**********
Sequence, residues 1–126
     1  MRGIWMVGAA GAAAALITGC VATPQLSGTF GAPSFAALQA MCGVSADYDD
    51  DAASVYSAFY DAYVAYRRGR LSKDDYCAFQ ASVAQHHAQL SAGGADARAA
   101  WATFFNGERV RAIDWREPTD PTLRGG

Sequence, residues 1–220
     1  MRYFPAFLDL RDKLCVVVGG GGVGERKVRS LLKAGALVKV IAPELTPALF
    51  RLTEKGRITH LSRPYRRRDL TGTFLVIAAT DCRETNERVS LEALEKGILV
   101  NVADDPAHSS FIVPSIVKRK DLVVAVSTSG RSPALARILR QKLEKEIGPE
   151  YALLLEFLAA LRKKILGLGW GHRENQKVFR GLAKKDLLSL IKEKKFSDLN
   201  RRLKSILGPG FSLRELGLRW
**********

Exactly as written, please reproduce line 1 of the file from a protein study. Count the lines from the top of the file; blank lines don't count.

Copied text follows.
Sequence, residues 1–126